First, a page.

I’m ready to go and thinking non stop. What might I forget? I’ve triple checked my list. It’s almost time. I will be early. Son in law can only take me when he has a break at work. The pickup time has changed two times, each earlier than predecessors. I’ll be almost five hours early, but I have the airplane book to kill some time. Son in law shows up at the appointed hour, but too late to beat a large truck that pulls into the driveway with a large, heavy box holding a month of dog food. The cat escapes while I am getting the dog food into the house, but I manage to grab him, shut and lock the door. I have forgotten a light, rainproof jacket I meant to grab on the way out, but it’s not worth opening up again and deflecting the cat which is expert at slipping past me. I won’t need the coat, I’m thinking. Doubtful it will rain in Canarias.

I get checked in, and find a place to read. After an hour so the place starts to fill with Swedes as I get lost in reading. Two hours pass and I begin to wonder where the checked in people go. I find them at the customs gate, and join a line of others throwing gear into plastic tubs. I’m asked if there is a computer in my suitcase. I say no, and pass through the body sensor without a beep, an unusual experience, but my luck does not last. Another guard asks if I have a computer in my suitcase. I say no, but there’s an Ipad, which I have not thought of as computer. “Ah,” she says. “You have to take it out, and run in through the x-ray by itself.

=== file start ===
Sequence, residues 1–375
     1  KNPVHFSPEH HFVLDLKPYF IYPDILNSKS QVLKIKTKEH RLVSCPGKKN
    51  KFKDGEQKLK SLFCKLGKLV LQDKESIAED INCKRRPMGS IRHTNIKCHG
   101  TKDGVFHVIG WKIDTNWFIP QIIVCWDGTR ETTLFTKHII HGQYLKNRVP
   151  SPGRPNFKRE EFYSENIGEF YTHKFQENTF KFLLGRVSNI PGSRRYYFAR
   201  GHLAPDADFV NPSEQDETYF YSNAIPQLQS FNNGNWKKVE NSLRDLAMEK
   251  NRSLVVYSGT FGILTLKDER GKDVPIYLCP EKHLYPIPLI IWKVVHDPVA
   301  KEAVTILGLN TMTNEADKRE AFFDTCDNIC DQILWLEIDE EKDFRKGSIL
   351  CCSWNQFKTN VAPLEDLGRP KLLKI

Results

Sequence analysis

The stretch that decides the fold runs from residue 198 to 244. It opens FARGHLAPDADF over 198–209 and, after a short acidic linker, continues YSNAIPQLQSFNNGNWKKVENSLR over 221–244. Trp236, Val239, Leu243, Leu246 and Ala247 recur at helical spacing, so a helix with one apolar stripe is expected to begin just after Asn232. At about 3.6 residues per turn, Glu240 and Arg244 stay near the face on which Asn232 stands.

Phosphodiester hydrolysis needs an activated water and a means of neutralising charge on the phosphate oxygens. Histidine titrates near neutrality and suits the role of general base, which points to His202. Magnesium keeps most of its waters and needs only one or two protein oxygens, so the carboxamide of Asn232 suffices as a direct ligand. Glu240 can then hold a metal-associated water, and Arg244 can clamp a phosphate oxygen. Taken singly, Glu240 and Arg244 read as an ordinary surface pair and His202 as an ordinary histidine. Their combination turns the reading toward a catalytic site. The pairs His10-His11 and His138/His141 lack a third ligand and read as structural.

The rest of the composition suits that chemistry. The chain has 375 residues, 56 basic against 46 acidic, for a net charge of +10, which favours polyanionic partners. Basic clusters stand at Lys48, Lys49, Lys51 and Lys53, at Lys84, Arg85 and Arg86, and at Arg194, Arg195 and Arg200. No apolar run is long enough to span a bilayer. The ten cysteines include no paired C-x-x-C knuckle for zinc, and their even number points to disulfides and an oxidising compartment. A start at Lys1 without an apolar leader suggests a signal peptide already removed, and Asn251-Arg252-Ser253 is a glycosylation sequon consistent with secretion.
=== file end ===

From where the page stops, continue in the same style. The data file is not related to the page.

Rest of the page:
No problem, but my pants are falling off without my belt. The second scan does not take long. The guards are very nice, one even friendly, and I’m in no hurry. I follow others into a waiting area with seems to have turned into a bar. The place is packed, maybe 200 people by this time. Swedes love to drink. We’re in the alcohol belt,” son in law told me. “Comes down out of Russia.” The would be passengers are having a good time with friendly conversations, and anticipations of the trip. A lot of beer going down. The airplanes restrooms will be busy.

Plane arrives on time, almost, and is filled up with seniors younger than myself. A few few passengers are in their thirties, and of course the obligatory babies. My seat is at by window, six rows back. We’re on a Boeing 747 with two rows of  three seats separated by an aisle so narrow it is difficult to pass another person and impossible to pass the carts that save our dinners which turn out to be surprisingly good.